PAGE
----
The consecration service was followed by a reception and lunch for more than 200 guests hosted by Bishop Peter at the Royal York Hotel. As Bishop Libby was introduced to guests, Bishop Peter led everyone in singing a resounding version of an old favourite  … ‘For She’s A Jolly Good Bishop!’.


This article, from the web-site of the Church of England Diocese of Chester, gives a lovely overall picture of the new era of that Church, where women are now welcomed as members of the House of Bishops. For a long time now, the organisation for the promotion of women as bishops has been selling an iconic tea towel with the words ” A Woman’s place is in the House – OF BISHOPS. That now has been secured!

The sheer number of bishops present at Bishop Libby Lane’s episcopal ordination proves that the overwhelming majority of members of the House of Bishops in the Church of England are happy with the new trajectory of women’s ministry in leadership roles. The fact that there will be a few bishops who will have a problem with that situation – and who will take advantage of the mandated ‘alternative option’ for male-only bishops to minister among them – could not dim the general celebration of Anglicans around the world who have already welcomed women bishops into their own Churches.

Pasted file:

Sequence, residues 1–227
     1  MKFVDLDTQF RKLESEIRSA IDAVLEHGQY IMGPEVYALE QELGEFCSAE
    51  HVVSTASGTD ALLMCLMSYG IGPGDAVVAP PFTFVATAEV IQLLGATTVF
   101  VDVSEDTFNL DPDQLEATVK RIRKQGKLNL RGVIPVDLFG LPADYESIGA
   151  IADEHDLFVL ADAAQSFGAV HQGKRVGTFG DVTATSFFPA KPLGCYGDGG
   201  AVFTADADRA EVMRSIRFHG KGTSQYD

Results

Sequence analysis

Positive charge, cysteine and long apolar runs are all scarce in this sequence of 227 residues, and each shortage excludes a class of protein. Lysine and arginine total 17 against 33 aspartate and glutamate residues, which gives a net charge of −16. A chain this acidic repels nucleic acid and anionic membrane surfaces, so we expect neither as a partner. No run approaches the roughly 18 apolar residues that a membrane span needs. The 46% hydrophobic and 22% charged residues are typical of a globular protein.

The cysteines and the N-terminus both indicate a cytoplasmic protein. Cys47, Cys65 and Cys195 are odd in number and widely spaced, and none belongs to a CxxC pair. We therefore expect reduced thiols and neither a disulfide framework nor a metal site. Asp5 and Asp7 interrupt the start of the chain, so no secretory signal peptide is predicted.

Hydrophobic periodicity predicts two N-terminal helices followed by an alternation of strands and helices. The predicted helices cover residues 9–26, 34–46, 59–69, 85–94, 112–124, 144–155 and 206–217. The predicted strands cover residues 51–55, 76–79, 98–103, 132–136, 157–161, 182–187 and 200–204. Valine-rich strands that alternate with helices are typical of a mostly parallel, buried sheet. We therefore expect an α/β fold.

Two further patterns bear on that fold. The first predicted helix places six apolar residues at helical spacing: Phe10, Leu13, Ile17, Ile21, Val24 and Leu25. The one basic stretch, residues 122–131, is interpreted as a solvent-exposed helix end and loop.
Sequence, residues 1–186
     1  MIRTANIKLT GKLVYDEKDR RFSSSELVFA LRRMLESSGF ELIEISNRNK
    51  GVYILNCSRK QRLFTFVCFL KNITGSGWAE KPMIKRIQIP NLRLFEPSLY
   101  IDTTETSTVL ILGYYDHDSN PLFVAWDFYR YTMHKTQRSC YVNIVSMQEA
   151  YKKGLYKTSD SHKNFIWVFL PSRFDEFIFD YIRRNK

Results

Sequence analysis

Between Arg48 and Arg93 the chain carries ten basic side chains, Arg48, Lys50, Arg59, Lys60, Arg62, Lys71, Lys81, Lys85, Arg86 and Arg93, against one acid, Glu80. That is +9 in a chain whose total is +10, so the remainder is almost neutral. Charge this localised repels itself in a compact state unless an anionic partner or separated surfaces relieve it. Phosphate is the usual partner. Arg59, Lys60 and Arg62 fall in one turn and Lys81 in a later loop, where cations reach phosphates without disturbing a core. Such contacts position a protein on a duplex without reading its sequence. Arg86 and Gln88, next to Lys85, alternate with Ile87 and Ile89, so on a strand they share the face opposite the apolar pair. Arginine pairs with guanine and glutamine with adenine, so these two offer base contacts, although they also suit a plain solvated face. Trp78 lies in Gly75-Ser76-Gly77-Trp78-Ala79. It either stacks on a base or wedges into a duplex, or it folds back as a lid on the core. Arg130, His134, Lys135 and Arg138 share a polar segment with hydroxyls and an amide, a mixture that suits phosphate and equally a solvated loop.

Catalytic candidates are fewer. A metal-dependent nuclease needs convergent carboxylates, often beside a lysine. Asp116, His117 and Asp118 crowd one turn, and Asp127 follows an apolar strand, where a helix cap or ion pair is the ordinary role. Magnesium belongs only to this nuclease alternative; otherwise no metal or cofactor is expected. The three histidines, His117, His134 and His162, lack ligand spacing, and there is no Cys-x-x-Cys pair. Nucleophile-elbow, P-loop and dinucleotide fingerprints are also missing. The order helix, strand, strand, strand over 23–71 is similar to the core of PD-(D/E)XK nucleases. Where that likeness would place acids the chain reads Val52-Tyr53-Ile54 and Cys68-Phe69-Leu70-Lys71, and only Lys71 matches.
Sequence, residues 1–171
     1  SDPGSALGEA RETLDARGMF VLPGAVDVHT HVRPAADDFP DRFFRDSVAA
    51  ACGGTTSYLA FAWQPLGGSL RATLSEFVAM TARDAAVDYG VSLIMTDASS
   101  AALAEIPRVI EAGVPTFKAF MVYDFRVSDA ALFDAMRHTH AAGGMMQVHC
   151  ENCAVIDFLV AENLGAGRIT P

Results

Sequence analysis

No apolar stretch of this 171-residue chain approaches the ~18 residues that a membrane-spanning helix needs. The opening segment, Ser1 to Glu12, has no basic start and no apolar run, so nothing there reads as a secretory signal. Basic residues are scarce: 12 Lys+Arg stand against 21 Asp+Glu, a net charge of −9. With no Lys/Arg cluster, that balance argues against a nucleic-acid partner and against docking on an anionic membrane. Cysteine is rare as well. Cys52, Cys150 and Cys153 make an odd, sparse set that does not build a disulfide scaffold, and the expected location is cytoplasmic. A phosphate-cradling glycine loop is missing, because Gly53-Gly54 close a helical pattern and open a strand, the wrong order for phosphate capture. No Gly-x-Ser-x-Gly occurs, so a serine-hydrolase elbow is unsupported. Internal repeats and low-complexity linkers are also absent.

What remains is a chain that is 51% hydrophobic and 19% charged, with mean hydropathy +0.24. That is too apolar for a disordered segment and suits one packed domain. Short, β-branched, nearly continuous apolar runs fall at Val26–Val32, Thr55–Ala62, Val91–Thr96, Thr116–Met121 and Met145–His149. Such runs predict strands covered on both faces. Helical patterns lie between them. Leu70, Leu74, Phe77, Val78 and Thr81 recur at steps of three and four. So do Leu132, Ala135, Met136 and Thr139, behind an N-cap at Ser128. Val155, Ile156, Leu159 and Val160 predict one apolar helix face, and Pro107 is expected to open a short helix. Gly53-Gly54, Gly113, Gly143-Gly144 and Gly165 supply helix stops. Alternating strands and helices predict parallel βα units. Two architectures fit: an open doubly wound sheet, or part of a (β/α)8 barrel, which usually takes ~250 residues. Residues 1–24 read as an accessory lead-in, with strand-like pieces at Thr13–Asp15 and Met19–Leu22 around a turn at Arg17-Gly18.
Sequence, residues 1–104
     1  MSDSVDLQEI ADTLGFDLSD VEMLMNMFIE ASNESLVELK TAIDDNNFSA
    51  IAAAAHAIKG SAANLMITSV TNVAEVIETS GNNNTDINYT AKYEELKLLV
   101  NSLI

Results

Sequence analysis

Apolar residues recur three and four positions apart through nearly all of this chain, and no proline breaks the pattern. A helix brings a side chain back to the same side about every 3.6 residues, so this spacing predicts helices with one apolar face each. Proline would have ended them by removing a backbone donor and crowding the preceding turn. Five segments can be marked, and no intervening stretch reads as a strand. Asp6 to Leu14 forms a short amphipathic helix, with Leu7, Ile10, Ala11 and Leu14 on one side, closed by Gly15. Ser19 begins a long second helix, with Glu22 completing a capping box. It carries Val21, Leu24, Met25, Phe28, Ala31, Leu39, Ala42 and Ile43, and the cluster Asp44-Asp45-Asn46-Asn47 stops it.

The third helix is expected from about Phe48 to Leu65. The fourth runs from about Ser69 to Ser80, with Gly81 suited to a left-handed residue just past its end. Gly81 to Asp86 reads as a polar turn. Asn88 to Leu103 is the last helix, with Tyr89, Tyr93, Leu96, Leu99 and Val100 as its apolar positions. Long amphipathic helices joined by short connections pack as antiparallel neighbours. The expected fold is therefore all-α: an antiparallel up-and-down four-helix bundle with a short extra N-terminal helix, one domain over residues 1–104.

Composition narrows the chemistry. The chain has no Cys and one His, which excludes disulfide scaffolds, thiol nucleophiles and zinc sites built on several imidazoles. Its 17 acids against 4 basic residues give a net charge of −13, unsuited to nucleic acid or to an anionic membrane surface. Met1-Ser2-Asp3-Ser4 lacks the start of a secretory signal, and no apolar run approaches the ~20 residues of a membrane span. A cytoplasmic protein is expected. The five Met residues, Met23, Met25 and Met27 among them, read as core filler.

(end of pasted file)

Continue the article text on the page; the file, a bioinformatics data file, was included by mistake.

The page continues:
Let’s hope that this ordination of the first woman to the episcopate in the Mother Church of England will soon be followed by others, whose presence among the bishops will prove that women in the Church are able to perform the tasks of ministry with at least as much skill, grace, propriety and devotion as their male colleagues.

Congratulations to the Church of England. Let’s all now get down to the task of showing the Love of God at work in the world – which the grace and faithfulness of Jesus Christ and the first disciples directed to ALL people – not just the favoured few.

Father Ron Smith, Christchurch, New Zealand

About kiwianglo

Retired Anglican priest, living in Christchurch, New Zealand. Ardent supporter of LGBT Community, and blogger on 'Thinking Anglicans UK' site. Theology: liberal, Anglo-Catholic & traditional. regarding each person as a unique expression of Christ, and therefore lovable.